Photo Context: Hosting the Wairarapa Filipino Society 15th Anniversary Celebration. Pictured with the then Mayor of Masterton.

But as I stepped into adulthood and saw the world through different lenses, I found that my point of view was unique. What once isolated me as a child became a bridge for two worlds to collaborate. Language barriers, cultural sensitivity and behavioral patterns opened my eyes to a critique of my origins. It allowed me to understand why Filipinos do things, and sometimes, why it’s not quite the right thing to do. I give back to my community not to berate my elders but to learn from them and pass their and my own knowledge on to a younger generation.

As globalization surges on, I know that many of my parents’ generation will say that my generation is abandoning our ‘distinct Filipino-ness’ for the appeal of ‘Westerners’. But that’s not true. The children of my generation, pushed into these ‘Western worlds’ for a ‘better life’ will be the carriers of an adaptable culture that will survive.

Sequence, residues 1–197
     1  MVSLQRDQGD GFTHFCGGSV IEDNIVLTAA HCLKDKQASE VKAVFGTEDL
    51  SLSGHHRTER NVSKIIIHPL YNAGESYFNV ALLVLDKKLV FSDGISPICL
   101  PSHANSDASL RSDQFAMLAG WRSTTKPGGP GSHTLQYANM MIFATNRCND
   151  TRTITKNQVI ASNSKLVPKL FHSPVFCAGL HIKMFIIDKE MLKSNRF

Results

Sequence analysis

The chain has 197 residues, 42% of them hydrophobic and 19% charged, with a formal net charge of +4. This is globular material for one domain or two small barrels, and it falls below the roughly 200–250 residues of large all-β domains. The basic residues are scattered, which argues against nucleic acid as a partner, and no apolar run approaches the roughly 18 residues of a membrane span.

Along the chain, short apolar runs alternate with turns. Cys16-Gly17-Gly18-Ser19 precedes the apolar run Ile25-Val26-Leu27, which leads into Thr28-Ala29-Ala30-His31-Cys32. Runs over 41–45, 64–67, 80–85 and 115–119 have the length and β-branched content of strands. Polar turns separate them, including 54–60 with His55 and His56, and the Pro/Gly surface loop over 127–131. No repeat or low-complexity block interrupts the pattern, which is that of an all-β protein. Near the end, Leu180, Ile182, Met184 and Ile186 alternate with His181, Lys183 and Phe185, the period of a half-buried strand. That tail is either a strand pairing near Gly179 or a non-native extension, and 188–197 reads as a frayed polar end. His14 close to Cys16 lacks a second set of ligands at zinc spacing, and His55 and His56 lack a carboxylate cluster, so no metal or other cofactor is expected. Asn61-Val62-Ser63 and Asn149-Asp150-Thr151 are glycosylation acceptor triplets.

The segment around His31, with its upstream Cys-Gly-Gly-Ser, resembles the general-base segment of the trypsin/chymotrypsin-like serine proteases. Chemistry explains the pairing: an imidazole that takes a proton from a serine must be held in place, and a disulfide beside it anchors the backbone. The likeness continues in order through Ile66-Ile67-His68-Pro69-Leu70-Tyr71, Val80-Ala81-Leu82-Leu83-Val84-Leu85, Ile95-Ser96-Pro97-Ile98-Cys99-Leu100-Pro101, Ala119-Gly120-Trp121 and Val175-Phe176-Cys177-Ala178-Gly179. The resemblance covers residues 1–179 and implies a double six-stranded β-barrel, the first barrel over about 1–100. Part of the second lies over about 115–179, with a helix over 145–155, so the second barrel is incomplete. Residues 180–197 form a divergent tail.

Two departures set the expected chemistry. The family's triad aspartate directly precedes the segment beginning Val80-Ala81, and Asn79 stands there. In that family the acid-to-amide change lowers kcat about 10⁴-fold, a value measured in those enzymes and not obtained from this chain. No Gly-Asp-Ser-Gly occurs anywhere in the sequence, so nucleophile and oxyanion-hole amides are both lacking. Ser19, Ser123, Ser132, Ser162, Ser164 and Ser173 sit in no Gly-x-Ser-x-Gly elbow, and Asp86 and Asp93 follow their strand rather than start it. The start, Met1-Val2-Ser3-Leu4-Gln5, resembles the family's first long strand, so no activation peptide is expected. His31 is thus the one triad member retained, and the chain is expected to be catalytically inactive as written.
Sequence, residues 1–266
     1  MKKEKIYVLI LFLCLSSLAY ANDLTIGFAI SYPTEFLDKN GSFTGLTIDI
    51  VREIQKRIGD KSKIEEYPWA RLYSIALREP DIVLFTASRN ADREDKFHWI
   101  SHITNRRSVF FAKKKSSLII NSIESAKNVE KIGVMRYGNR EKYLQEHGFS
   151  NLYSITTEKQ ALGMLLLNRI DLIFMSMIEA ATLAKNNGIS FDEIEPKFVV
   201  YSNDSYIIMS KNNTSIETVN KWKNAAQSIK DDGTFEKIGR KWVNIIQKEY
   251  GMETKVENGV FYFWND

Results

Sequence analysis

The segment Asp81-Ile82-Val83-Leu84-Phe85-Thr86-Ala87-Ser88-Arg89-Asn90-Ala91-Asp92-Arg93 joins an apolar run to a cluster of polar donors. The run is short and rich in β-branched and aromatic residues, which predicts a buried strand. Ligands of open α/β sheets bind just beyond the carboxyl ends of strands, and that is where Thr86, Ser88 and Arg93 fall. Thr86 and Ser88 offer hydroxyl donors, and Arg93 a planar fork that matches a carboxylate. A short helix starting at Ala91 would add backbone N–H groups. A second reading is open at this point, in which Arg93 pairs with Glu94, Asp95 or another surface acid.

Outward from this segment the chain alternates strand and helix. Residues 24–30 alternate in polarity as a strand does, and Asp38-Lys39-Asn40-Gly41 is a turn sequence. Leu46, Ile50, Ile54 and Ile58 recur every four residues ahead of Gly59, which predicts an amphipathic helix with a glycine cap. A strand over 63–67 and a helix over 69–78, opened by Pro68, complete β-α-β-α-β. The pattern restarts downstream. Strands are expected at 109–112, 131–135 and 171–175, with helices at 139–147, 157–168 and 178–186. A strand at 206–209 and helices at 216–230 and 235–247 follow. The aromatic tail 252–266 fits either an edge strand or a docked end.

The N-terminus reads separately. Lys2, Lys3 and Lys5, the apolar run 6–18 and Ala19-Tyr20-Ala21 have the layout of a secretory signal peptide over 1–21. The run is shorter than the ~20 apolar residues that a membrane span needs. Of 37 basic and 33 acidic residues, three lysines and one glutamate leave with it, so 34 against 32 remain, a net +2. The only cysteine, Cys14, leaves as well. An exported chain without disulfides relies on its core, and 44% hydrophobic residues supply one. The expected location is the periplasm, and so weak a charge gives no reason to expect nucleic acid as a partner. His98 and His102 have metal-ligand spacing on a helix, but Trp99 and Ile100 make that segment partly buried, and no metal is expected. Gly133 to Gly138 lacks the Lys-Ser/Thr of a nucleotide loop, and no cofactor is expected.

How Much Longer?

By Divya Gurung from Musubi “An Exploration of Gender in Hong Kong”, 2017.

As a child, she often outran the boys, my mother. Fearless, she was swift to protect herself, or to defend her elder brother from the tussles of tormenting neighbourhood tyrants. The first to swing from tree to tree, as she took on the persona of Tarzan, my mother was unafraid. She took on challenges with fervour, standing shoulder to shoulder with boys and refused to indulge in any constraints to her freedom of both body and mind. 

Yet tyrants never cease to exist, do they? They take on different forms and encroach your space unabashedly. With womanhood approaching, my mother found herself fighting still, with even more tormenters than from her childhood. Not only was she incompatible with the prescribed mould of expected behaviour and demeanour, her perspective too was questioned by the invisible strings that tend to control women. The looming cloud of expectations would smother her perpetually; a plethora of roles to fulfil whilst quelling her thoughts and voice.